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Ahoy, honey, I'm home

Living aboard a boat is becoming an endangered lifestyle as some Southland marinas limit or phase out full-time residents.

March 21, 2004|June Casagrande | Special to The Times

When Diane and Noel Diotte began dreaming of leaving their San Gabriel Valley condominium to live full time on their 34-foot sloop, one question nagged at them. What would they do with all their stuff?

"A year later, my husband asked what we had in storage and I couldn't even remember," said Diane Diotte, an executive for an El Segundo-based software company. "That's how quickly you realize just how little possessions matter."

What is important to people such as the Diottes, who discovered this serene and simple life years ago, is the lifestyle living on the water affords.

"It's hard to describe," said Diotte, who has called Redondo Beach's King Harbor her home for about nine years. "There's a sense of well-being that comes from living so close to nature and from learning to hold on to only those things in life that really matter."

But opportunities to experience this alternative to traditional housing are getting harder to find in Southern California. As the price of living on land has continued to rise, the costs of living on water have remained comparatively affordable. And demand for slips for "live-aboards" -- the nickname for the people who live full time on boats and for those boats themselves -- remains high at a time when local marinas are limiting them.

"I've pretty much stopped accepting new live-aboards," said Horia Ispas, dock master of three marinas in Marina del Rey. "I haven't written them off entirely, but unless it's a big boat with its own bathroom and things, I'm staying away from them."

Some of the people who use live-aboards as low-cost housing have blighted marinas in recent years, Ispas said. "We've had problems."

For that reason, some other marinas in such places as Marina del Rey and Newport Beach have stopped accepting live-aboards altogether.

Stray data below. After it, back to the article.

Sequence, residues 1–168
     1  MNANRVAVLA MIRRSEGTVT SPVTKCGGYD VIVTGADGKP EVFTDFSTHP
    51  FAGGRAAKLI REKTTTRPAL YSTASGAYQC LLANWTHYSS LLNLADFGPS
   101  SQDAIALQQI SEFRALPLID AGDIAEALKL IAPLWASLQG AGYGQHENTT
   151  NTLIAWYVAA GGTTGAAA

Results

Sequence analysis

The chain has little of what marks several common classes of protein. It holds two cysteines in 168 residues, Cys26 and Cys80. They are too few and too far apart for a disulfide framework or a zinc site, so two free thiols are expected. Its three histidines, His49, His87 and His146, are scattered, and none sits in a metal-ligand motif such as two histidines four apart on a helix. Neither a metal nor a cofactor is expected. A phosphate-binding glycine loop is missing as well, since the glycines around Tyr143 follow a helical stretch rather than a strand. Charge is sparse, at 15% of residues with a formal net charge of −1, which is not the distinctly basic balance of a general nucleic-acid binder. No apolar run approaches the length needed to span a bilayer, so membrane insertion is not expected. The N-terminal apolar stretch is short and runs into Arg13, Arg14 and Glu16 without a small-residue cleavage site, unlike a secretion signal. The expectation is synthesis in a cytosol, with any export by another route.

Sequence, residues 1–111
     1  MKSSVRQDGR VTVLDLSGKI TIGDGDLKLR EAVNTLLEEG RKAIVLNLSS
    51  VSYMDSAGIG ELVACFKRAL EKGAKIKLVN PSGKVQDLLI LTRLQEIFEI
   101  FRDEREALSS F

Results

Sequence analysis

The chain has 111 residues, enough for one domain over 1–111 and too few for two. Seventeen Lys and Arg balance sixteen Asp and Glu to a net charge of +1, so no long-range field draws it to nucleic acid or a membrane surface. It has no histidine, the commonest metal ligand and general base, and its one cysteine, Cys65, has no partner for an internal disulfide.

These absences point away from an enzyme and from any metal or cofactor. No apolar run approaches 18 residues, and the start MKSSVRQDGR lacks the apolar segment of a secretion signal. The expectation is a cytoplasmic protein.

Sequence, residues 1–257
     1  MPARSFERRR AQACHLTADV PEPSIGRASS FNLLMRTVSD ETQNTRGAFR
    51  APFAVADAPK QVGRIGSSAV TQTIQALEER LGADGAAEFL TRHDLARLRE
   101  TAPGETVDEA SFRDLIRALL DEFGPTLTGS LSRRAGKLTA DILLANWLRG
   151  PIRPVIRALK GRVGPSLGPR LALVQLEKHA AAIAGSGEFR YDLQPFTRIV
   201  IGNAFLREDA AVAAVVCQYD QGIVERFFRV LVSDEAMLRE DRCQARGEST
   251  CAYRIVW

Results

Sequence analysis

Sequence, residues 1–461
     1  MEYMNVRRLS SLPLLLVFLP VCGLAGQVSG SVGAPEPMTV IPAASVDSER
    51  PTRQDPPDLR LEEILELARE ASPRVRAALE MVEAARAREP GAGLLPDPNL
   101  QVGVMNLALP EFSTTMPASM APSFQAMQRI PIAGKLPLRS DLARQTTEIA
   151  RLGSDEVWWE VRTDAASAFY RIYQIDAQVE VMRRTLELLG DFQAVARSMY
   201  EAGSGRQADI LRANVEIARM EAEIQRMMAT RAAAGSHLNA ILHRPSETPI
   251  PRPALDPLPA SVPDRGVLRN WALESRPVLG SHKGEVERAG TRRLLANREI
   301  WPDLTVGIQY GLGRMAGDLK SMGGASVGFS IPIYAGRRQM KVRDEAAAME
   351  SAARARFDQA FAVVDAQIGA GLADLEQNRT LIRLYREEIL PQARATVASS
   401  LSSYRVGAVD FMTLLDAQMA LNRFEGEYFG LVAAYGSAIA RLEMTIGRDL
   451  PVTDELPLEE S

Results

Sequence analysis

"Most of the marinas here, if not all of them, are phasing out live-aboards," said Chris Miller, who works for the Harbor Resources Department of Newport Beach. The city, however, still allows live-aboards on offshore moorings that are rented as places to berth boats.

Although Newport Beach allows up to 51 live-aboards at its offshore moorings, only about 30 boat owners currently opt for this rugged lifestyle. With no access to electricity at a dock, most mooring live-aboards generate their own power with solar panels. Residents must regularly bring their boats to pump-out stations to empty sewage holds. To get to and from the shore, they use dinghies like other people use cars. Despite the inconveniences, some wouldn't have it any other way.

"When I got out of college, I thought it would be fun to live on a boat," said Mark Sites, a live-aboard at Newport Harbor and owner of Newport Beach-based Intercoastal Dredging. "That was 27 years ago. It's just a nice way to live. I have a great view. It's very peaceful."

For Bobby Pitz, the live-aboard lifestyle is about socializing with friends -- many of them divorced and single men like him -- enjoying ocean views, occasionally sailing off to Catalina and even dining on fresh lobster he catches himself, all for about $400 a month.

"My boat's paid for, so for me it's actually cheaper than getting an apartment," said Pitz, a live-aboard for about four years at King Harbor.

Marinas that permit live-aboards charge an extra fee on top of the regular slip charge. The number of people who can live on a vessel varies by marina and boat size, but most cap occupancy at two per boat.

King Harbor charges an additional $175 for a single person to live on his or her boat. For a 40-foot boat, this brings the cost of the slip to about $500 a month. Normally the fees include electricity hookups at the dock and access to showers and bathrooms. Slips in Marina del Rey often run higher. A 40-foot slip is about $490 before the live-aboard fee of about $270. And then there is the cost of a boat, which can range anywhere from $2,000 to several million dollars.

While Newport and Marina del Rey are moving away from live-aboards, waiting lists at other marinas are growing. Long Beach Marina, where about 10% of the 1,800 slips are live-aboards, has about a three-year waiting list. The wait for a live-aboard slip at King Harbor also can be about three years.

Marinas allowing live-aboards usually like to cap them at about 10% of total slips. King Harbor has about 110 of its 850 slips in use by live-aboards -- a number the marina would like to scale back, says operations manager Michael Aaker. "You have to keep it reasonable."

Caps on the number of live-aboards combined with the marina's selective admission criteria keep blighting effects at bay, he said. "We have very strict credit requirements."

But even as marinas are limiting live-aboards, these full-time boat dwellers continue to play an important role.

"I think that moving away from live-aboards altogether would be foolish," said Cindy Ryan, office manager of the California Yacht Marina in San Pedro, where about 45 of the 889 slips are used by live-aboards.

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